CAS 67762-26-9

For fatty acids, C14-18 and C16-18-unsatd., Methyl esters (CAS No. 67762-26-9) an acute oral toxicity study is available according to EU Method B.1 (Potokar, 1988). Groups of 5 male and 5 female Wistar rats received doses of 2000 mg /kg bw in arachis oil by oral gavage. The animals were observed for 14 days. All animals survived. During the observation period no signs of systemic toxicity occurred and no abnormalities during gross necropsy were seen. Thus, the acute oral LD 50 for Fatty acids, C14-18 and C16-18-unsatd., Methyl esters in male and female Wistar rats was determined to be greater than 2000 mg/kg bw.

 

CAS 112-63-0

An acute oral toxicity study with methyl linoleate (CAS No. 112-63-0) according to OECD Guideline 401 is available (Pittermann, 1992). Groups of 5 male and 5 female Wistar rats received doses of 2000 mg methyl linoleate/kg bw in arachis oil by oral gavage. The animals were observed for 14 days. All animals survived. During the observation period no signs of systemic toxicity occurred and no abnormalities during gross necropsy were seen. Thus, the acute oral LD 50 for methyl linoleate in male and female rats was determined to be greater than 2000 mg/kg bw.

 

 

Acute inhalation toxicity

Since no studies investigating the acute inhalation toxicity of fatty acids, C16-18, methyl esters (CAS 85586-21-6) are available, in accordance to Regulation (EC) No. 1907/2006 Annex XI, 1.5 a read-across to the structurally related category member methyl laurate (CAS 111-82-0) was conducted.

 

CAS 111-82-0

An acute inhalation toxicity study was performed with methyl laurate (CAS No. 111 -82 -0) according to OECD guideline 436 (Huygevoort, 2010). Three Crl:WI (Han) rats per sex wereexposed(head/nose only) to an aerosol of the test material with an actual concentration of 5.6 ± 0.5 mg/L air (nominal concentration was 7.1 mg/L) for a exposure duration of four hours. No mortality occurred. Lethargy, hunched posture and/or laboured respiration were noted among all animals at 1 hour after exposure, with hunched posture persisting until Day 2 after exposure. No clinical signs were noted during exposure. Body weight gain in males and females were within the range expected for rats of this strain and age used in this type of study. No abnormalities were found at macroscopic post mortem examination of the animals. Thus, the LC 50 after acute inhalation of methyl laurate in male and female rats was found to be greater than 5.6 mg/l air.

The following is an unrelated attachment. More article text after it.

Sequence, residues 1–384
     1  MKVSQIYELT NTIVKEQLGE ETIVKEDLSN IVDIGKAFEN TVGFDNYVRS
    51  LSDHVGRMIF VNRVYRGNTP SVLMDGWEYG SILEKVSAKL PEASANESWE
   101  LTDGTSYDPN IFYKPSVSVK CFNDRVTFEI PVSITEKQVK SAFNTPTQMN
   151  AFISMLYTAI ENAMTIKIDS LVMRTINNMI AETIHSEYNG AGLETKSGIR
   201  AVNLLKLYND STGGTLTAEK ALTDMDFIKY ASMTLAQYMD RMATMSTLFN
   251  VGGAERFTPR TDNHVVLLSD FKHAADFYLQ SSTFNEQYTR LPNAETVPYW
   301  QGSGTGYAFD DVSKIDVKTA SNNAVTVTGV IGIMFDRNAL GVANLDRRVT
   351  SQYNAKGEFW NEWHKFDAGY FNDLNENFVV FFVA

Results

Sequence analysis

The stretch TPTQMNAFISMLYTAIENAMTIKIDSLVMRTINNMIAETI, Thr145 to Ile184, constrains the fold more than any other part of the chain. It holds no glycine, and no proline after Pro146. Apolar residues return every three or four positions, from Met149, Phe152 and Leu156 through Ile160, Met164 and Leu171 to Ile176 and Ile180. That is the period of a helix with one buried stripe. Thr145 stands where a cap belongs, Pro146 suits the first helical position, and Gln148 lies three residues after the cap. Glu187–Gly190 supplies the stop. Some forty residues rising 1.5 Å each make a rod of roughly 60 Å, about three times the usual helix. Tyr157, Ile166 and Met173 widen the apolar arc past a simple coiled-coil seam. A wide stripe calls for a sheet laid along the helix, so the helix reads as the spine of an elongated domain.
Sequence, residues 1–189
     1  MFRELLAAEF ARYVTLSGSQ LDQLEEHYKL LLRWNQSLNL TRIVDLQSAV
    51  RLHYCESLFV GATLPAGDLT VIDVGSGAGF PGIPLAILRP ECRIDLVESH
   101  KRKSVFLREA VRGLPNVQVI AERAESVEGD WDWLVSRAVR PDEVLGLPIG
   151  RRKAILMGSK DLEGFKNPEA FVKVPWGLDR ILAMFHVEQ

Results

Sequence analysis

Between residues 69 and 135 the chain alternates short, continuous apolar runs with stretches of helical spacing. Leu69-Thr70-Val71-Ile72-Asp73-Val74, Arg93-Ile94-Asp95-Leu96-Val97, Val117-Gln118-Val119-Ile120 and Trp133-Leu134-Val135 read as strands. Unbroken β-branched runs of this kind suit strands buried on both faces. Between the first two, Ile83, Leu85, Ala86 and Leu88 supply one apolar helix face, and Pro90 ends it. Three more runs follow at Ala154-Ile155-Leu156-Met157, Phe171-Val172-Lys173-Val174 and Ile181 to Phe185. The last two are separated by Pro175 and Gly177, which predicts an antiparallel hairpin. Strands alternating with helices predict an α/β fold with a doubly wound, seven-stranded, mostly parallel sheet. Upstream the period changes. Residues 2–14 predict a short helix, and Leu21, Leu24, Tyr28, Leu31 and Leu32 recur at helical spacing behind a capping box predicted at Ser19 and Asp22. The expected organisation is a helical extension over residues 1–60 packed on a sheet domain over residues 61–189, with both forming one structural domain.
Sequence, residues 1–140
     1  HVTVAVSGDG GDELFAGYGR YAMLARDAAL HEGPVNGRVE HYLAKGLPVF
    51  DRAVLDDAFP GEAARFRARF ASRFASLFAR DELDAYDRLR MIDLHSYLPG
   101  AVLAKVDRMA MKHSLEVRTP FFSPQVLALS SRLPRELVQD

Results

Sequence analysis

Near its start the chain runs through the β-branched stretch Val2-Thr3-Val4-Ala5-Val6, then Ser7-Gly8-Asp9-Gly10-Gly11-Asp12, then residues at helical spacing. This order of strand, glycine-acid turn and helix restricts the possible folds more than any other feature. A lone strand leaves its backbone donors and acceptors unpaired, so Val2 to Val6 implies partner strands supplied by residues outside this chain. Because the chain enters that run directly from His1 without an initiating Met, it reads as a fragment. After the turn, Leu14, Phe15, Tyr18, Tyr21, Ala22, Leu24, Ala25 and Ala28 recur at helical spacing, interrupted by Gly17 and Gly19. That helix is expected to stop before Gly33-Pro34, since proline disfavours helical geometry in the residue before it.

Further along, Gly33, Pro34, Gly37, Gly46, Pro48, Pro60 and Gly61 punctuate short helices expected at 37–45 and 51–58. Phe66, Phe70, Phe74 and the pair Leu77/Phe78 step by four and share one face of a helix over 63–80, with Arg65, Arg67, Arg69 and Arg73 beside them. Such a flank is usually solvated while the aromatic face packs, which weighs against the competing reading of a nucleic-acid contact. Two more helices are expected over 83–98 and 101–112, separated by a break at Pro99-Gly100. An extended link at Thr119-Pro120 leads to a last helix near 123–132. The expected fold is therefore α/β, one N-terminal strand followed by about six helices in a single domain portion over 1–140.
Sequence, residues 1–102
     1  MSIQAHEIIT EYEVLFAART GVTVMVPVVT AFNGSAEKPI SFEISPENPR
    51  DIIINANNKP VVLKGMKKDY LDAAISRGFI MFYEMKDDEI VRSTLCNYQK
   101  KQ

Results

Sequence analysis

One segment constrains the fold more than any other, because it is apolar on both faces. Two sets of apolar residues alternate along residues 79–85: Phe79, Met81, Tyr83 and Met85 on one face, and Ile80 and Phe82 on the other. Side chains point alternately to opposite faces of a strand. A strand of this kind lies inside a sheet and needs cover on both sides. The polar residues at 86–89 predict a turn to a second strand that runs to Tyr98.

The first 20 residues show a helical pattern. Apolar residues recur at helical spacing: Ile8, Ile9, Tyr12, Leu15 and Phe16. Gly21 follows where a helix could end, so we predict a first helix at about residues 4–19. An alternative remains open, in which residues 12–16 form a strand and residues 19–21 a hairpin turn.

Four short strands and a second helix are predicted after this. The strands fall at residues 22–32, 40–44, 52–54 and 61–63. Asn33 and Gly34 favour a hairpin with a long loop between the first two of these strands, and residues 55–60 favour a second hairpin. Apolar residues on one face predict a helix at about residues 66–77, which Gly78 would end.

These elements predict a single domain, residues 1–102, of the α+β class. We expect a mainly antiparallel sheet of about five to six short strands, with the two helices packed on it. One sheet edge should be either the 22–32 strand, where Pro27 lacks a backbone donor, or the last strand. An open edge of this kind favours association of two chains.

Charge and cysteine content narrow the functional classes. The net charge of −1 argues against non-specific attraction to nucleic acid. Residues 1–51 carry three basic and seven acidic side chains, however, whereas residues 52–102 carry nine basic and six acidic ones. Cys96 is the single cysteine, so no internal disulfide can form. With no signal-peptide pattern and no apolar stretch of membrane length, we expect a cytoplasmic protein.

Acute dermal toxicity

Reliable studies on the acute dermal toxicity are not available for the members of the SCAE methyl esters. Testing via dermal route is not necessary as dermal uptake of the category members is negligible due to Dermwin v2.0 QSAR predictions and appropriate data for oral and inhalation route is available.

 

 

Based on a weight of evidence approach, no classification for acute toxicity for all substances within the fatty acid methyl esters category is required.

Justification for classification or non-classification

According to Article 13 of Regulation (EC) No. 1907/2006 "General Requirements for Generation of Information on Intrinsic Properties of substances", information on intrinsic properties of substances may be generated by means other than tests e.g. from information from structurally related substances (grouping or read-across), provided that conditions set out in Annex XI are met.

Annex XI, "General rules for adaptation of this standard testing regime set out in Annexes VII to X” states that “substances whose physicochemical, toxicological and ecotoxicological properties are likely to be similar or follow a regular pattern as a result of structural similarity may be considered as a group, or ‘category’ of substances. This avoids the need to test every substance for every endpoint".

Since the group concept is applied to the members of the SCAE Me category, data will be generated from a representative category member to avoid unnecessary animal testing. Additionally, once the group concept is applied, substances will be classified and labelled on this basis.

The available data on acute toxicity of Fatty acids, C16-18, methyl esters is conclusive but not sufficient for classification.